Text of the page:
Hold On!

Hold Up

Please select a minimum of three sectors in the menu above.

Got It
  • ‘Dumpster fire’ was America’s word of the year
  • ‘Dumpster fire’ was America’s word of the year
    John Barker (2014) ©

‘Dumpster fire’ was America’s word of the year

The American Dialect Society (ADS) has selected 'dumpster fire' to define the collective mindset of the US over 2016. The term conveys the concept of an uncontrollable disaster, marking a notably sarcastic response to a serious issue, and suggesting a cavalier attitude towards the future.



  • Article image Why do emotions trump facts?

    If Faisal Islam, Ralph Keyes and the New York Times are to be believed, the Trump candidacy and the vote for Brexit show we've entered a post-truth era – a world where emotion and populism win out over facts and experts. But is it true? And do emotional appeals really trump facts and figures?

  • Article image How is language evolving in the UK?

    The English language is constantly shifting, with merging communities and tech making it evolve faster than ever; 86% of British parents think teens speak a different language on social media. So how can brands use words, emoticons and colloquialisms to better communicate with their audiences?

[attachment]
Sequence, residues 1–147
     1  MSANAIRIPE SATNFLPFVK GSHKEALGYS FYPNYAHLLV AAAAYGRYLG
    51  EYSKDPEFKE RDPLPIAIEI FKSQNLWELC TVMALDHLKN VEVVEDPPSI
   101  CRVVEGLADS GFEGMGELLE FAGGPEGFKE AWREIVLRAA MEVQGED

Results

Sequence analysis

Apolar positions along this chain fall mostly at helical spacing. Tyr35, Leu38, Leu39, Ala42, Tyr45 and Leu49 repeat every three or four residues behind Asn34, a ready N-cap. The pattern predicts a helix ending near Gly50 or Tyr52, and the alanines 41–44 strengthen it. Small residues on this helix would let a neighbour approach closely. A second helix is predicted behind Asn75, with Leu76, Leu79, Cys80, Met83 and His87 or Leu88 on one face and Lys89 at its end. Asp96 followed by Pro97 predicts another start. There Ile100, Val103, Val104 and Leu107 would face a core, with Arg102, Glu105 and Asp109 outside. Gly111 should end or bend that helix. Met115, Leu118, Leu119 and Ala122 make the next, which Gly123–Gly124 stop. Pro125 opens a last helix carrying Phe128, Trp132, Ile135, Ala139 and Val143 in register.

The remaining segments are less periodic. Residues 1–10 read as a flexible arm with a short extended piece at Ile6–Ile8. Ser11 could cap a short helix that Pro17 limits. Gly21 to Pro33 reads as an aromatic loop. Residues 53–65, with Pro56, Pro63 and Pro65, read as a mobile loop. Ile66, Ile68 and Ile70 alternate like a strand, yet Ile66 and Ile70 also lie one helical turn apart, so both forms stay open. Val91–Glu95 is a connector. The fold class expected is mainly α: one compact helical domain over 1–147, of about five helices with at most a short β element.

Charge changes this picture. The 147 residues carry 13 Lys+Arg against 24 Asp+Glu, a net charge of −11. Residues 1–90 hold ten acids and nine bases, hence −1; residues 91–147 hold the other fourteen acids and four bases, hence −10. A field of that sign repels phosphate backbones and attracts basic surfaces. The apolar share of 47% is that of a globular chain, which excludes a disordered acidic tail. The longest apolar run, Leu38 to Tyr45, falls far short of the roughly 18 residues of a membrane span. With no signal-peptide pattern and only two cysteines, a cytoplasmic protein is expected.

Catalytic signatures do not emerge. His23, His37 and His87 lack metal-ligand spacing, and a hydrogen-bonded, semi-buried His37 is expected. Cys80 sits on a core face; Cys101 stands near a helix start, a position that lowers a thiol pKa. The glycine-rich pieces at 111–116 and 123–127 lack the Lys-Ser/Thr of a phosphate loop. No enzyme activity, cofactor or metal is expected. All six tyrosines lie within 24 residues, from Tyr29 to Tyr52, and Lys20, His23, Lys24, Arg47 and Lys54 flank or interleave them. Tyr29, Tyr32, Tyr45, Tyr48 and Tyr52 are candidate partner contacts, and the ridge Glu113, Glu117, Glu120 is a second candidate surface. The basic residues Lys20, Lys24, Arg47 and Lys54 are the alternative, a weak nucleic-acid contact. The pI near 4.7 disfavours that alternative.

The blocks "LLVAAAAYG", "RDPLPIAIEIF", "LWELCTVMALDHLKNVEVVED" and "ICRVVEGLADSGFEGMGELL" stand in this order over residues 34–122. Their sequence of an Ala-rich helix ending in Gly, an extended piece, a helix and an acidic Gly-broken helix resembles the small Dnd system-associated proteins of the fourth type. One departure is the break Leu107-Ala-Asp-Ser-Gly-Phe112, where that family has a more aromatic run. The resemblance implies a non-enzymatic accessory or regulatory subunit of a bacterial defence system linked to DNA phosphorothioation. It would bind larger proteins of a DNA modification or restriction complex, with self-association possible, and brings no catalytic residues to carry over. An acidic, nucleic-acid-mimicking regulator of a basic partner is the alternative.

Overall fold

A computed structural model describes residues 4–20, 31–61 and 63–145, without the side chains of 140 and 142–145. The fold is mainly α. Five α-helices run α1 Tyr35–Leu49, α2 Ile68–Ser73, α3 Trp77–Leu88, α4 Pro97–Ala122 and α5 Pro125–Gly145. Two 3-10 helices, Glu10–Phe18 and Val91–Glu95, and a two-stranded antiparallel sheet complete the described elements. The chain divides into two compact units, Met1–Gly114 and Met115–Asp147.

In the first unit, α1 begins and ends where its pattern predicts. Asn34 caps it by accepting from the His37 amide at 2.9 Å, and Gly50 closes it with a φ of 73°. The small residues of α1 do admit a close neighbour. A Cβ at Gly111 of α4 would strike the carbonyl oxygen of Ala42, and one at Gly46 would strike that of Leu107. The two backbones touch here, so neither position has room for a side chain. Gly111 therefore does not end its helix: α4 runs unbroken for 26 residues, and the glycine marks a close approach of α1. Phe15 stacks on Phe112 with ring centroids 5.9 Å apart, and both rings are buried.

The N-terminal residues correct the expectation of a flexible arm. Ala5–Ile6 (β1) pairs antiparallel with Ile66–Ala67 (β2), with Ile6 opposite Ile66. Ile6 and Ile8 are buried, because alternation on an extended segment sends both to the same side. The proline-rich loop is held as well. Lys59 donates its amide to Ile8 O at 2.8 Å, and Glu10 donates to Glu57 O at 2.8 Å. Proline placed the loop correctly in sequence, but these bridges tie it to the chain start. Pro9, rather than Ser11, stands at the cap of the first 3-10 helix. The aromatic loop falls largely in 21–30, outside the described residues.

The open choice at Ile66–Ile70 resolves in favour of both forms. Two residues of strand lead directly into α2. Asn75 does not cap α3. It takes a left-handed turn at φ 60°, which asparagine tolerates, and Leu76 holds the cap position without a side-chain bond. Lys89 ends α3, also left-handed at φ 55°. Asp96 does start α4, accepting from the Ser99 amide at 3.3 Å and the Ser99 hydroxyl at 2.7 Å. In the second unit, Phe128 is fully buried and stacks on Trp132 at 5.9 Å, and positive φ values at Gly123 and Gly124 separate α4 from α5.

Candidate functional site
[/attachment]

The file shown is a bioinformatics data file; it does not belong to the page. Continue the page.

• Sarcastic people are more successful Sarcastic people are more successful

    Sarcasm is often derided as the lowest form of wit, but according to new study, it could be the highest form of intelligence. With findings suggesting that sarcasm can help people become brighter and more creative, those who love a biting quip might actually experience greater success in life.

  • Article image The Onion Labs: getting paid by brands to ridicule them

    It may have once satirised branded content – “oh, awesome, a sponsored post by a snack food company on my favorite media website” – but with the creation of an in-house advertising agency, The Onion will now cater to marketers with native videos and articles. Why would any brand pay to be ridiculed?